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Aural Cultures - MUS00097H

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  • Department: Music
  • Module co-ordinator: Mr. Liam Maloney
  • Credit value: 20 credits
  • Credit level: H
  • Academic year of delivery: 2020-21
    • See module specification for other years: 2019-20

Module summary

In this module, you will analyse current debates surrounding sound practices and aural cultures and develop work that responds to key contemporary aesthetic and cultural theories of sound.

Module will run

Occurrence Teaching cycle
A Autumn Term 2020-21

Module aims

  • To develop an understanding of the current debates surrounding sound practices and the significance and contexts of sound in contemporary culture.
  • To become familiar with a variety of multidisciplinary approaches to studying sound in relationship to how it is created, stored, manipulated, perceived, consumed and experienced.
  • To provide an overview of concepts and terms related to notions of listening and sounding culture.
  • To develop and present work that responds to key contemporary aesthetic and cultural theories of music and sound.
  • To participate in discussion and critical listening sessions within the seminar format.

Module learning outcomes

  • Understand and interpret complex texts and ideas about various aural cultures and sound practices within the context of contemporary culture.
  • Identify different approaches and disciplines whereby sound can be studied and analysed by considering its creation, reproduction, reception and interpretation.
  • Be able to engage conceptually with different cultural theories of listening and the notion of expressing culture through sound.
  • Create and present work that considers aesthetic and cultural aspects of contemporary sound and music practices.
  • Be able to critique work and make informed contributions through listening, writing and discussion.


Task Length % of module mark
Commentary - 750-1000 words
N/A 10
Creative submission
N/A 90

Special assessment rules


Additional assessment information

Assessment will be via creative submission (90%) with commentary (10%). The submission and commentary will relate to an aspect of aural culture covered during the module. Examples could be a piece of sound art, a headphone work for promenade audience, an experimental podcast, a radio work or an environmental sound piece.

Length of submission dependent on specific project and format.


Task Length % of module mark
Commentary - 750-1000 words
N/A 10
Creative submission
N/A 90

Module feedback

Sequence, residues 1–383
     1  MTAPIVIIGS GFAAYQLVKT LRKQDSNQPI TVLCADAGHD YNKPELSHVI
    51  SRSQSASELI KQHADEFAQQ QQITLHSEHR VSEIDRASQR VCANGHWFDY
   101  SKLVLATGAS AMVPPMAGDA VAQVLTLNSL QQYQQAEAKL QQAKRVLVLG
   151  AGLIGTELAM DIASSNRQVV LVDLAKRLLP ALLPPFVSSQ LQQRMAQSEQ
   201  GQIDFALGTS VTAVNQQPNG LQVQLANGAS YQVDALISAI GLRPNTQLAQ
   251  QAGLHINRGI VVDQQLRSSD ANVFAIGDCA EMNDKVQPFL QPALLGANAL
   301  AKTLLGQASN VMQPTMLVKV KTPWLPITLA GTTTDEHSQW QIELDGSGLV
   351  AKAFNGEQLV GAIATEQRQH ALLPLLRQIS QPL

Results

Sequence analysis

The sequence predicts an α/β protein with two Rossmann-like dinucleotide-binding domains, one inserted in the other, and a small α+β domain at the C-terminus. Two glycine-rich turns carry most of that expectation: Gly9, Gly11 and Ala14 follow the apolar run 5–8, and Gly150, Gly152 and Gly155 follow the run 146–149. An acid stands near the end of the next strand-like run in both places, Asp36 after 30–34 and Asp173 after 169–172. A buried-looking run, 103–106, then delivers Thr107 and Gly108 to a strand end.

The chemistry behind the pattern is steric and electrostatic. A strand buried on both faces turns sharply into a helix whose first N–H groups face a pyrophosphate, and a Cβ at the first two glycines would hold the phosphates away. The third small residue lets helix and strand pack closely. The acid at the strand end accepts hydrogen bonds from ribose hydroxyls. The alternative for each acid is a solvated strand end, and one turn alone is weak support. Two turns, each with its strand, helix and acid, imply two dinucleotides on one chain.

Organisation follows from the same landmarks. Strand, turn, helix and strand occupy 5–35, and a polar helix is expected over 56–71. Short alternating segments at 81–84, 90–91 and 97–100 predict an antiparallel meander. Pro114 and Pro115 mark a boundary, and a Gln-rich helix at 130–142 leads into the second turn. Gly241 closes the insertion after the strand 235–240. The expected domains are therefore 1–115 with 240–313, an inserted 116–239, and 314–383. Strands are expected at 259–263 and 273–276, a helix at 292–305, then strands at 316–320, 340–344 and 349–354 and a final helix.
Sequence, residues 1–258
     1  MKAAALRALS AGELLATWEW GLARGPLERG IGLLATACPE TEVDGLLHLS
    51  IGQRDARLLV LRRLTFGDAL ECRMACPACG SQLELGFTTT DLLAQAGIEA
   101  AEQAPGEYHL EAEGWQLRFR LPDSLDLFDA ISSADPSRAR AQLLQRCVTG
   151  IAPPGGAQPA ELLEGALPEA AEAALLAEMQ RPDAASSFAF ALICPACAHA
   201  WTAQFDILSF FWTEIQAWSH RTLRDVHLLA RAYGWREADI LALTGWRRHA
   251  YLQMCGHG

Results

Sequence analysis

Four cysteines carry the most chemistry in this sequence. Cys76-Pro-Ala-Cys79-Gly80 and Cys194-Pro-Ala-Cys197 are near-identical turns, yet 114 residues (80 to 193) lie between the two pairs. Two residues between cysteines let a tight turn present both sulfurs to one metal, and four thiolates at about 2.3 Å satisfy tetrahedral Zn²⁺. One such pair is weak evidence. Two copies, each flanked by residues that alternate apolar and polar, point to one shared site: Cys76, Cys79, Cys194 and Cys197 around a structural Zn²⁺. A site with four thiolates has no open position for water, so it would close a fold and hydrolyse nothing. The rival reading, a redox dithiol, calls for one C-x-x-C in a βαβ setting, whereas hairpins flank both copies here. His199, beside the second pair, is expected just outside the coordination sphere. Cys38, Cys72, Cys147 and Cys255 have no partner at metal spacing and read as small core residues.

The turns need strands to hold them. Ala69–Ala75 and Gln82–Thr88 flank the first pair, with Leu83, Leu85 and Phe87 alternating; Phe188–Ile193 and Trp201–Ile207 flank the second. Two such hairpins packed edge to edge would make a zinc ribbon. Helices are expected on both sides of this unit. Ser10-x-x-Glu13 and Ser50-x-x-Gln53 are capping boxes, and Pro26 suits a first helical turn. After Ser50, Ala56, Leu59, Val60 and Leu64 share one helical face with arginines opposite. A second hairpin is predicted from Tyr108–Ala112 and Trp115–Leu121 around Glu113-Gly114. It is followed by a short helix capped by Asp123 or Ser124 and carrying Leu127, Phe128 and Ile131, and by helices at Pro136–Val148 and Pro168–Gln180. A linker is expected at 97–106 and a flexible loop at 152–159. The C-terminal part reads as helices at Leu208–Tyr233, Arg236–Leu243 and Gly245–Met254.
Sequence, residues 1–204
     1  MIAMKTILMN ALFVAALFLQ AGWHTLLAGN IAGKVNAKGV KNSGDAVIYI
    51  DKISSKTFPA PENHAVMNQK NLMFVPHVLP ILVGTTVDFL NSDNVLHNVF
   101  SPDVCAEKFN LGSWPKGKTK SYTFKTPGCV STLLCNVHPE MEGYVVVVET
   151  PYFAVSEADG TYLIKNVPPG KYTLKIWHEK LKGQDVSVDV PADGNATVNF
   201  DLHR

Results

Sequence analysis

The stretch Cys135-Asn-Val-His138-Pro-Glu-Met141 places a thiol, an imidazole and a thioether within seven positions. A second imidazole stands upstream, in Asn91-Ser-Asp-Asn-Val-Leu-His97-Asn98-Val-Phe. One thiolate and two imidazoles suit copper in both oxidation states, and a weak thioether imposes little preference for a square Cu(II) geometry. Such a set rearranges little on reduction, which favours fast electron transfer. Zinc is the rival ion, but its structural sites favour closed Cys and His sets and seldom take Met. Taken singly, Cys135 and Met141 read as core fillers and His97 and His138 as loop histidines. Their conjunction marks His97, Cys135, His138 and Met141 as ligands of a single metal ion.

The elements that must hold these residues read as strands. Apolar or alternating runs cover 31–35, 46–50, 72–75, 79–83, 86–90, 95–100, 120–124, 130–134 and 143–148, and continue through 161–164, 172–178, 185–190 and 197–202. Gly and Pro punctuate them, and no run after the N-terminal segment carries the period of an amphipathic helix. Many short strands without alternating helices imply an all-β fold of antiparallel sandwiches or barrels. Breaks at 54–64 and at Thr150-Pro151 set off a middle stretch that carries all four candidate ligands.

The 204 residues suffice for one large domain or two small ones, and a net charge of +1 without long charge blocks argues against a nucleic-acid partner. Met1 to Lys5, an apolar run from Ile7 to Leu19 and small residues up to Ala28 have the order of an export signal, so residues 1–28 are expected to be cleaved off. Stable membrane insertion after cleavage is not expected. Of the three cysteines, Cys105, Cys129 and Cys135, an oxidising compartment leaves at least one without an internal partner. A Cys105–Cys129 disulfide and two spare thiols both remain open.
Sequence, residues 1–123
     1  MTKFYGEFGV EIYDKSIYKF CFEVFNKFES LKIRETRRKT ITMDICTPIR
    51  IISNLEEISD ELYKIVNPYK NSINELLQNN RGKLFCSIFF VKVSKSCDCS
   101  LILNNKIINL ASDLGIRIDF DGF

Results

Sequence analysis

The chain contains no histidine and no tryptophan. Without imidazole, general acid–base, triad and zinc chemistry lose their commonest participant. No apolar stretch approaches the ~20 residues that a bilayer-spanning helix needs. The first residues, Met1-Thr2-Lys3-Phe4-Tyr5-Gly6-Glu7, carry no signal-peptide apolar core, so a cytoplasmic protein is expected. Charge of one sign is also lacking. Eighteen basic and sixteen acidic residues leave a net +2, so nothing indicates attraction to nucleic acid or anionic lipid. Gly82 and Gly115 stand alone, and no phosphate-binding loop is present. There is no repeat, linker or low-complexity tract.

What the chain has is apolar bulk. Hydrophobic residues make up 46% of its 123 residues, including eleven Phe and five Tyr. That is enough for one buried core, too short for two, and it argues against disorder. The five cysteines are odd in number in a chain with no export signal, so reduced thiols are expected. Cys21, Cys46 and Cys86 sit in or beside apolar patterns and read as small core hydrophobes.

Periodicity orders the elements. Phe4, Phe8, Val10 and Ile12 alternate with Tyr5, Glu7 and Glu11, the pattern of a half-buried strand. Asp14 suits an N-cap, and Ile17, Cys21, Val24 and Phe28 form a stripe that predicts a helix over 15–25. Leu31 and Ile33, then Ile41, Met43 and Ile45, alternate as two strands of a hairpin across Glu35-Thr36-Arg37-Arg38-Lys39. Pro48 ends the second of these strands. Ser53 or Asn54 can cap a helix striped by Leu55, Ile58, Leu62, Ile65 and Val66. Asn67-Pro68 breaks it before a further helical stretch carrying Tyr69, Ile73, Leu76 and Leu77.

Written feedback within 20 days working days of assessment date.

Indicative reading

Licht, Alan. Sound Art Revisited. 2019. New York, NY : Bloomsbury Academic, Bloomsbury Publishing.

LaBelle, Brandon. 2006. Background Noise : Perspectives on Sound Art. New York ; London: Continuum International.

Groth, Sanne Krogh, and Schulze, Holger Editor. 2020. The Bloomsbury Handbook of Sound Art. Bloomsbury Handbooks. London [England] : Bloomsbury Academic.

Voegelin, Salomé. 2013. Listening to Noise and Silence : Towards a Philosophy of Sound Art. London: Bloomsbury.

Voegelin, Salomé. 2014. Sonic Possible Worlds. New York: Bloomsbury Academic & Professional.

Gloag, Kenneth. 2012. Postmodernism in Music. Cambridge Introductions to Music. Cambridge : Cambridge University Press.

Bridle, James. 2018. New Dark Age : Technology and the End of the Future. London : Verso.

Peeren, Esther, and Del Pilar Blanco, Maria. 2010. Popular Ghosts. New York: Bloomsbury Academic & Professional.

Fisher, Mark. 2016. The Weird and the Eerie. London : Repeater.

Blackmore, Susan J. 2000. The Meme Machine. Oxford: Oxford University Press.

Nancy, Jean-Luc, and Mandell, Charlotte. 2007. Listening. New York: New York : Fordham University Press.

Kassabian, Anahid. 2013. Ubiquitous Listening : Affect, Attention, and Distributed Subjectivity. Berkeley ; London: University of California Press.

The information on this page is indicative of the module that is currently on offer. The University is constantly exploring ways to enhance and improve its degree programmes and therefore reserves the right to make variations to the content and method of delivery of modules, and to discontinue modules, if such action is reasonably considered to be necessary by the University. Where appropriate, the University will notify and consult with affected students in advance about any changes that are required in line with the University's policy on the Approval of Modifications to Existing Taught Programmes of Study.